Beaked whale beaches in Dutch Zeeland


Beaked whale beached near Vlissingen

Dutch regional broadcaster Omroep Zeeland reports that yesterday evening a beached beaked whale was found near Vlissingen.

Beaked whales are very rare in the North Sea.

The animal, about five meter long, has been transported to the veterinary department of Utrecht university; to find out why the animal died and which beaked whale species it is.

Entangled humpback whale frees itself, video


This video from the USA says about itself:

Entangled Humpback Whale Frees Itself Off Dana Point As Whale Watchers Cheer

4 March 2016

Whale watchers aboard a catamaran with Captain Dave’s Dolphin and Whale Safari were viewing a humpback whale when they noticed that the whale seemed to be playing with a shrimp trap buoy located about 2 and 1/2 miles off the coast of Dana Point, California. Several minutes later the whale dove down and entangled itself around the tail.

Scientists witness extraordinary feeding event as humpback whales feast on krill ‘super-swarm’: here.

Humpback whales, BBC video


This video says about itself:

Swimming With Humpback Whales – Super Giant Animals – BBC

4 March 2016

Steve Backshall has an amazing experience as he swims with two whales who interact with him.

Baby blue whale nursing, video


This video says about itself:

Baby Blue Whale Nursing (Exclusive Drone Footage)

2 March 2016

While researching pygmy blue whales in the South Taranaki Bight region of New Zealand, Leigh Torres used a drone to capture footage of a baby blue whale nursing. This is believed to be the first time that aerial footage has documented the nursing behavior of this endangered marine species.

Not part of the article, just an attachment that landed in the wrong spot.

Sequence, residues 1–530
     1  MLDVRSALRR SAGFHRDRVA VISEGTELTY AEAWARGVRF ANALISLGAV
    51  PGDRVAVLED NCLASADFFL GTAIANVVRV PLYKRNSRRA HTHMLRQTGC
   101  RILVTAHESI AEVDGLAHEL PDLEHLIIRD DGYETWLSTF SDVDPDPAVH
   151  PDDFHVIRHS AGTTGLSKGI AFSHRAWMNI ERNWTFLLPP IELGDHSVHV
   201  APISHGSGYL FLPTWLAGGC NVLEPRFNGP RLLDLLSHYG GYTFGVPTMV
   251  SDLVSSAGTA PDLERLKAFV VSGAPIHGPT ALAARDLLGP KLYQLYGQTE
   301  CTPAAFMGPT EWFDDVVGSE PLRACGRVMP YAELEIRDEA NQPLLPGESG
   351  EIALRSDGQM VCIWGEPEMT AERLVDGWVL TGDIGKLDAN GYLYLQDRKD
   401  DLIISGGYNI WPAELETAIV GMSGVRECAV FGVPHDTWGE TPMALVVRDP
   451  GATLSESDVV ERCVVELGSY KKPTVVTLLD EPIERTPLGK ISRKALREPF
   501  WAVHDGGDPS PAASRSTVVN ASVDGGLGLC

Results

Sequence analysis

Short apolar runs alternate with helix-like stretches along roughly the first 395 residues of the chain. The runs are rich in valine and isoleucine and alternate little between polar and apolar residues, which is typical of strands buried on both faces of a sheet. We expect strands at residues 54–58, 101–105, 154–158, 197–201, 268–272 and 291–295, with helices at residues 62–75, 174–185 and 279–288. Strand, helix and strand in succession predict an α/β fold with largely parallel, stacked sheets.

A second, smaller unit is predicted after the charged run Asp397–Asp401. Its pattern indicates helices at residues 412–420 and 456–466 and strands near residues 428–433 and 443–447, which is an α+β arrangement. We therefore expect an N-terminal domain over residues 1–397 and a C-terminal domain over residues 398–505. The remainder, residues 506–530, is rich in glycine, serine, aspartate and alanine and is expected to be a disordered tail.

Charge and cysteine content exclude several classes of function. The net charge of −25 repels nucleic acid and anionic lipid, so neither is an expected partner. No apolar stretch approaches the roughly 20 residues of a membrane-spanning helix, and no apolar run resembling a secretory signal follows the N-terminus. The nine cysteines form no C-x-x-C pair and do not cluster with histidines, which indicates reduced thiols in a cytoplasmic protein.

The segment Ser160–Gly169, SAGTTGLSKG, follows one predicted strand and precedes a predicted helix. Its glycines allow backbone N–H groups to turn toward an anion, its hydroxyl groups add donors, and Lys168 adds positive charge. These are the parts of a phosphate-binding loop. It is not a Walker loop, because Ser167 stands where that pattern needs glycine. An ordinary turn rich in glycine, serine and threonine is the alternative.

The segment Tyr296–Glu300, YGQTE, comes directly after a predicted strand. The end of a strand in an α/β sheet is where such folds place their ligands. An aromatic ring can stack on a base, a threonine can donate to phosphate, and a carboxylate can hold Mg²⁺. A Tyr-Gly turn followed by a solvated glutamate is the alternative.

Whale saved from illegal net


This video says about itself:

23 February 2016

Sea Shepherd crew rescued a [humpback] whale entangled in an illegal totoaba gillnet in the Gulf of California.

Sea Shepherd currently has two vessels in Mexico’s Gulf of California on OPERATION MILAGRO.

Our goal is to save the vaquita porpoises, the most endangered marine mammal.

The vaquita are caught as a result of fishing the totoaba, a fish poached for its swim bladder.

Both the vaquita and the totoaba are endangered species and protected by law.

Both species live only in the Gulf of California.

See also here.

Omura’s whales, new discoveries


This video says about itself:

3 November 2015

This research was published in the journal Royal Society Open Science in the paper: ‘Omura’s whales (Balaenoptera omurai) off northwest Madagascar: ecology, behaviour and conservation needs’ by Cerchio et al. The doi link for the article is here.

From National Geographic:

This Bus-Size Whale Is Even More Unusual Than We Thought

Scientists are starting to piece together the secret life of the little-seen Omura’s whale, which has a peculiar diet.

By Traci Watson

PUBLISHED February 10, 2016

Well after its discovery a decade ago, the sleek swimmer called the Omura’s whale remained an enigma. Reports of live animals were vague and unconvincing, leaving the whale’s habits and even its markings a mystery.

Now, scientists are starting to piece together the secret life of the little-seen species.

Recent expeditions off Madagascar revealed the whales devouring tiny shrimp-like creatures, as well as guzzling large mouthfuls of “dirty water”—a phenomenon scientists can’t yet explain.

“People see our photos and videos and say, ‘What are they feeding on? I don’t see anything there,’” says Salvatore Cerchio, a marine mammal biologist at the New England Aquarium and leader of the first team to document the whales’ lives.